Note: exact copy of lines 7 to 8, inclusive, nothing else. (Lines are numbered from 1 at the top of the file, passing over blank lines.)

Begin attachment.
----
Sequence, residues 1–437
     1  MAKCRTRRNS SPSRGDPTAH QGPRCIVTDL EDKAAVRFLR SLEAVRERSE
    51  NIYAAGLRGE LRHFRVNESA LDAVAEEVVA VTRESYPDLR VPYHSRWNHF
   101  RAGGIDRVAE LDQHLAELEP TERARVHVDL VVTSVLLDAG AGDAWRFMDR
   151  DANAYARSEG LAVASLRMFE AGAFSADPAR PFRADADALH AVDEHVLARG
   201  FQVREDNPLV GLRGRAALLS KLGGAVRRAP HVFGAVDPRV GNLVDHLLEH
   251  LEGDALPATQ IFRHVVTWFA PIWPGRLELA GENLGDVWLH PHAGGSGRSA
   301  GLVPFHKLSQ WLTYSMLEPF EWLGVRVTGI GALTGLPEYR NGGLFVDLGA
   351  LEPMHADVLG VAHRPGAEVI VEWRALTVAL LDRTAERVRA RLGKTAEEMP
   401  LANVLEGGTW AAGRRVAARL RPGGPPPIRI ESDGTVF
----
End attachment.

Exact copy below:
   251  LEGDALPATQ IFRHVVTWFA PIWPGRLELA GENLGDVWLH PHAGGSGRSA
   301  GLVPFHKLSQ WLTYSMLEPF EWLGVRVTGI GALTGLPEYR NGGLFVDLGA